January 27, 2022

Enjoy a taste of summer all winter long

Visitors center to host monthly indoor farmers market

Yuner Gao/staff reporter

Carly Dougherty, the co-owner of Food and Ferments in Cortland, holds sample products Monday at her building on south Main Street.

In the darkest, coldest, longest nights of the year, Experience Cortland will offer a reminder: of long days, warm toes and that perfect bit of summer springing from the garden.

The Cortland County Visitors Center will play host to a monthly, indoor farmers market through the winter, featuring local farms and foods.

The market, noon to 3 p.m. on the first Friday in January, February, March and April, will feature whole roasting chickens, late autumn and early winter produce, pickles and sauces and fresh baked goods at 42 Main St., Cortland.

Each month through April, Experience Cortland will publish a recipe on its official website, which is created based on that month’s farmers market selection.

Among the participating sellers:

• Main Street Farms: Winter produce, including root vegetables, squashes and greens

• Daisy Hollow Farm: Granola, chickens and natural skin-care items.

• Gracie Cakes: Cupcakes and sugar cookies.

• Food & Ferments: Pickled veggies, kombucha, kimchi and tonics.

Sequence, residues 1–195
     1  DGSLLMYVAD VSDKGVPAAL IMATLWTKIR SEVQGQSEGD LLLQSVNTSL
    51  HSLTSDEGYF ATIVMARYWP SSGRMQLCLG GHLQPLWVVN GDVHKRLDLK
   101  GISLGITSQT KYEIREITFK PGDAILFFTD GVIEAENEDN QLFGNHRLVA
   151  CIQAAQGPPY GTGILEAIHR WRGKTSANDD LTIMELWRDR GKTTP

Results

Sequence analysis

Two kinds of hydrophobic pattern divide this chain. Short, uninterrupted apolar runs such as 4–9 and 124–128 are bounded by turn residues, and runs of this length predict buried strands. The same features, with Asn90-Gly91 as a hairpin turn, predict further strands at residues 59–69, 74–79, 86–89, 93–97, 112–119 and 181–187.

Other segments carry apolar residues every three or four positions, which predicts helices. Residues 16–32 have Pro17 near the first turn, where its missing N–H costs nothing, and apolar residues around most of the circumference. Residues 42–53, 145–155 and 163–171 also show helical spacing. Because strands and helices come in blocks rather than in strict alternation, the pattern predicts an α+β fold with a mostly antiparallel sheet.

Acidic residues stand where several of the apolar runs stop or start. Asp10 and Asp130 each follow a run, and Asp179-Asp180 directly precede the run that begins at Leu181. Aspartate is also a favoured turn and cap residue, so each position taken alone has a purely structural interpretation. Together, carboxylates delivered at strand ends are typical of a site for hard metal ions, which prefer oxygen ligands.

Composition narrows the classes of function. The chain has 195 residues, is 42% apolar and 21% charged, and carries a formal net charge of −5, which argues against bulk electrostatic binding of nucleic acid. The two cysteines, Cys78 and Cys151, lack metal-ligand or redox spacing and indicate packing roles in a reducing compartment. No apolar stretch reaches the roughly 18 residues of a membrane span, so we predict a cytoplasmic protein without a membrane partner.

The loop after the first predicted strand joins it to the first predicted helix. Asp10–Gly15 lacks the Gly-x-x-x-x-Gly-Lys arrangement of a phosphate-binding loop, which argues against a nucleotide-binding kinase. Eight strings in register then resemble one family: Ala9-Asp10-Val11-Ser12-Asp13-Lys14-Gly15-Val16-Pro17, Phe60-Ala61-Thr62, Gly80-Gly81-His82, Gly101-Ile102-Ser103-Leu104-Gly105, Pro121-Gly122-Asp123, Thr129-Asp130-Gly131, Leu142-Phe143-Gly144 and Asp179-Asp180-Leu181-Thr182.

“This is our first time doing the one in Cortland during the winter,” said Robert “Bobcat” Bonagura, the co-owner of Main Street Farms, based around Cortland. It was founded in 2011 to bring local produce into lunch rooms from elementary schools to colleges.

Bonagura listed several advantages of the market: “One is that it helps people be better connected with where the food comes from. And, get people something to do in the middle of winter.”

“It’s a good way by buying food to support the local economy, support local businesses,” he added.

Carly Dougherty, the co-owner of Food and Ferments, also felt excited. “We’ve partnered with Main Street Farms a couple of times before to do something like this, but not with quite as many vendors as this one will be,” Dougherty said.

Food and Ferments makes naturally fermented sauerkrauts, beet kvass, kimchi and lactofermented pickles using local vegetables.

Dougherty said another thing that makes the market different is it’s during the day, rather than the late afternoon and early evening of earlier efforts.

“It would be really nice to in the middle of winter to be able to share our local products and see our community,” she said.

“Especially in winter, it’s easy to feel isolated in your own bubble,” Dougherty said. “It will be a nice way to just pop out in your lunch break, get out in the middle of the day, have a chat with some other folks, feel a little less wandering in this long winter.”